A judge has set aside convictions against a Sri Lankan refugee jailed and later taken into detention after a magistrate accepted pleas of guilty from a confused defendant due to a “lack of understanding of English”.
A Brisbane District Court was recently told that Magistrate Judith Daley sentenced Senthuran Selvaraja to two years’ jail, suspended after three months, in February 2021 after pleading guilty to 30 counts of fraud.
Judge Vick Loury QC was told Selvaraja – who did not understand English well and whose first language was Tamil – was represented by an experienced criminal defence solicitor who entered pleas of guilty to all charges on his behalf.
In November, Selvaraja applied under section 222 of the Justices Act 1886 (Qld) to the District Court to appeal convictions on the grounds he did not plead guilty to all 30 charges.
Judge Loury, in granting the appeal, said: “(Selvaraja) was represented by an experienced criminal defence solicitor in the Magistrates Court.
“At the commencement of the hearing (Selvaraja’s) solicitor announced his appearance indicating that he appeared for the applicant who he indicated ‘will plead guilty to all charges’.
“What then transpired was a reasonably lengthy discussion between the learned Magistrate, (Selvaraja’s) solicitor and the police prosecutor as to the number of charges before the court.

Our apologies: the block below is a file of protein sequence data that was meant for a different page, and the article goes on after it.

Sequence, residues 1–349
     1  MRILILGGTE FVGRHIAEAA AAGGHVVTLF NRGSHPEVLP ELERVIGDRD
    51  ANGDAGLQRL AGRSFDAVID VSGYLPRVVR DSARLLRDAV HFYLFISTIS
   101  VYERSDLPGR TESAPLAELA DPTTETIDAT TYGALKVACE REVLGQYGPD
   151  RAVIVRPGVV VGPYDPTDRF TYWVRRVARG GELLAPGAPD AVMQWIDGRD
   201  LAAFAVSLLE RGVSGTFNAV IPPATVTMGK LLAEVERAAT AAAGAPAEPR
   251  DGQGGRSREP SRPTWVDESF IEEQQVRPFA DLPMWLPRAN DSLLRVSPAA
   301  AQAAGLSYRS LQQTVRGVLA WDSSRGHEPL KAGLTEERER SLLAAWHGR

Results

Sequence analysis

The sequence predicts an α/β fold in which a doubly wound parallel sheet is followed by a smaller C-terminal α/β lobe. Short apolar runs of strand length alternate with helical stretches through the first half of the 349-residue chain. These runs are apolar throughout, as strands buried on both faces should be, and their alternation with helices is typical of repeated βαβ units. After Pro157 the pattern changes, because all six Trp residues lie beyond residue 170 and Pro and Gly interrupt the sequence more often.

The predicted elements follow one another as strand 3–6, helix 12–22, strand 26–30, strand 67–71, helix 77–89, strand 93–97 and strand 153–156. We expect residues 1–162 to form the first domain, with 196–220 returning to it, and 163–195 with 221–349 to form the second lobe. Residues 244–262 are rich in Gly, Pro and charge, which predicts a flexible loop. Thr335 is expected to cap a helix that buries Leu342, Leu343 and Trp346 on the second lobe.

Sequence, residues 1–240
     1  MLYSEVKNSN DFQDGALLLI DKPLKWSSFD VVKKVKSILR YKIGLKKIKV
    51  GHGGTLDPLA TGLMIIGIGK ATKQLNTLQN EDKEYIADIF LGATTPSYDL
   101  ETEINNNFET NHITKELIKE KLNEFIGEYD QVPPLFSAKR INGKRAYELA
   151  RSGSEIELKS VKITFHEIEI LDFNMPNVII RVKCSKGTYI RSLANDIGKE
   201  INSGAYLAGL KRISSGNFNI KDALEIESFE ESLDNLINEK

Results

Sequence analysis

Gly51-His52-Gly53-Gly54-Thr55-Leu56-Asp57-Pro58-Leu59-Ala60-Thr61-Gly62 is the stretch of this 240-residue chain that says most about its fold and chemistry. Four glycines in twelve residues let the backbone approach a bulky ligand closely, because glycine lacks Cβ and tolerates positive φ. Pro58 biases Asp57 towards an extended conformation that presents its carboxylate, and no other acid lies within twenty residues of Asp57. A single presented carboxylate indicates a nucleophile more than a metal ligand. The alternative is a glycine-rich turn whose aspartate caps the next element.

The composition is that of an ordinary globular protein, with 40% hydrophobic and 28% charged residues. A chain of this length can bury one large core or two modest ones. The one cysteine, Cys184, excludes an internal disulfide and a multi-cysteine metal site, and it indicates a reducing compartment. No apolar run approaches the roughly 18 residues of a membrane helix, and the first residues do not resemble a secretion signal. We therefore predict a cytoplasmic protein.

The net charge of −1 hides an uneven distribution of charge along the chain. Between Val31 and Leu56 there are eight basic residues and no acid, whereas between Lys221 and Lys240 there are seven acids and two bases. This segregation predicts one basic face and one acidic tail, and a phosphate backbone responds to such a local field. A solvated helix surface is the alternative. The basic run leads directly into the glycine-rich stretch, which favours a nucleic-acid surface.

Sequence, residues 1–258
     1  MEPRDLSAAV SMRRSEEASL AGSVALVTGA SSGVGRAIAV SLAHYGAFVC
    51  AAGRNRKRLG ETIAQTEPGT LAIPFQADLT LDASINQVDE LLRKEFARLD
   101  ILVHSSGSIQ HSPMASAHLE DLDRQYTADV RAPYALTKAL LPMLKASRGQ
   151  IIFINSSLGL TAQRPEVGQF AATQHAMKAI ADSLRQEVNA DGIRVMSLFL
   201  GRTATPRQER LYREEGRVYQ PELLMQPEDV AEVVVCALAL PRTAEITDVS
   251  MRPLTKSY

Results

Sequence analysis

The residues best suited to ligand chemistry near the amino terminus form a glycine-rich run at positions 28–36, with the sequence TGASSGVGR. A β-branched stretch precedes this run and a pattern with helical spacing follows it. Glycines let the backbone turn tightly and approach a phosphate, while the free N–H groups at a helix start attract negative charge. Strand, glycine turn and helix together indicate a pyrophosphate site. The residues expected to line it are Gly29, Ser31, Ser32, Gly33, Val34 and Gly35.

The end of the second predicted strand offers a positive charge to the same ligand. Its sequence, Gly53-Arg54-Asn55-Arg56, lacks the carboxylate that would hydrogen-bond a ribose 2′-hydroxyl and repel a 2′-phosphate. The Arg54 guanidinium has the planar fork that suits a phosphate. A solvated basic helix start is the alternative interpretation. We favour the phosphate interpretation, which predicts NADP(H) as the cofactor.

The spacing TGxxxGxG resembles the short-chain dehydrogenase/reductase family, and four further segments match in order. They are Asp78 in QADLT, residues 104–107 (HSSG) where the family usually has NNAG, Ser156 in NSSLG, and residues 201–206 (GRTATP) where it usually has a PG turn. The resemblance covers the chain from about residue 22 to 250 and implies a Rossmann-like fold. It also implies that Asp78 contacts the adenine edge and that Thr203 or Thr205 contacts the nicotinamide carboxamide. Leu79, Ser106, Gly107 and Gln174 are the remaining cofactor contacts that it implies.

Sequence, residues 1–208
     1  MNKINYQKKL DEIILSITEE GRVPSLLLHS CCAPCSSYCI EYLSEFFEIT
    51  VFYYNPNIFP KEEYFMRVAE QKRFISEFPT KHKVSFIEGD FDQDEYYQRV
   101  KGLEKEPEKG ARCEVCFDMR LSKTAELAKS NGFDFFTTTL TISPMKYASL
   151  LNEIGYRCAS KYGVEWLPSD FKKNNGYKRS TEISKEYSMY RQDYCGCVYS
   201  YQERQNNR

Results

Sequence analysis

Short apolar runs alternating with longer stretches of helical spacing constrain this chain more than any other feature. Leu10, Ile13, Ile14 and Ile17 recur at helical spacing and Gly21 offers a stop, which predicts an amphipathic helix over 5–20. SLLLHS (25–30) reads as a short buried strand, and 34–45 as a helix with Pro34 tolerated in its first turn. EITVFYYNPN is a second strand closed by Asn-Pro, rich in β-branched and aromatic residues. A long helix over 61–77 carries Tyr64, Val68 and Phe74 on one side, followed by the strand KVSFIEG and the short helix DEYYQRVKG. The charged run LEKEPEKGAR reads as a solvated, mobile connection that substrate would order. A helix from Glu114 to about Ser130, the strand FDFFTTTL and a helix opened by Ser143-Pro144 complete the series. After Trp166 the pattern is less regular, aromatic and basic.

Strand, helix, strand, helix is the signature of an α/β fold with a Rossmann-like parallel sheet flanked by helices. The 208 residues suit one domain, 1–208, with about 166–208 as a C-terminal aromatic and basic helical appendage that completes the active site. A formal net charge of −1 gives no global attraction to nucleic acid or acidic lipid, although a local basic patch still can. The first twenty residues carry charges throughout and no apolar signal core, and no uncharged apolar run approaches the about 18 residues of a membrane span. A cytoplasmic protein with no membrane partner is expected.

“The learned Magistrate referred initially to there being 17 charges, (Selvaraja’s) solicitor to there being 28 charges, and the police prosecutor to there being 29 charges.
“The sentencing schedule relied upon by the prosecution appeared to contain 29 charges when it in fact contained 30 charges due to the duplication of two charge numbers.”
Judge Loury said the presiding magistrate eventually indicated that there were 30 charges before the court to deal with.
“The learned Magistrate … then heard submissions from the police prosecutor and (Selvaraja’s) solicitor before passing sentence,” Judge Loury said.
“There was no demurrer [an objection granting the factual basis of an opponent’s point but dismissing it as irrelevant or invalid] from either (Selvaraja’s) solicitor or the police prosecutor.”
In a five-page decision delivered on 29 April 2022, Judge Loury allowed Selvaraja’s appeal, set aside his convictions and ordered that the matter be returned to the Magistrates Court.
“(Selvaraja) and the respondent (Queensland Police Service) have each filed affidavits focused on the ability of (Selvaraja) the applicant to understand English,” her Honour said.
“(Selvaraja’s) solicitor at the sentence hearing and the investigating police officer have each affirmed their ability to communicate with (Selvaraja) without the need for an interpreter … (and the) solicitor has denied the allegations of impropriety alleged against him and has exhibited instructions and correspondence which support his account.
“The material (Selvaraja) has filed suggests that he lacked an understanding of the substance of the charges he was facing and lacked the intention to plead guilty to all of them.
“Whilst there is a dispute as between the (Selvaraja and QPS) as to the extent of his understanding of the English language, given the confusion at the sentence hearing as to the number of charges before the court, there exists in my mind a possibility that (Selveraja) has been wrongly convicted.
“The irregularity in this case has resulted in serious consequences to the applicant (Selvaraga) in terms of his serving a sentence of actual imprisonment and the cancellation of his bridging visa.
“The irregularity means that, in the circumstances of this case, the learned Magistrate lacked jurisdiction to sentence the applicant.”
Read the decision.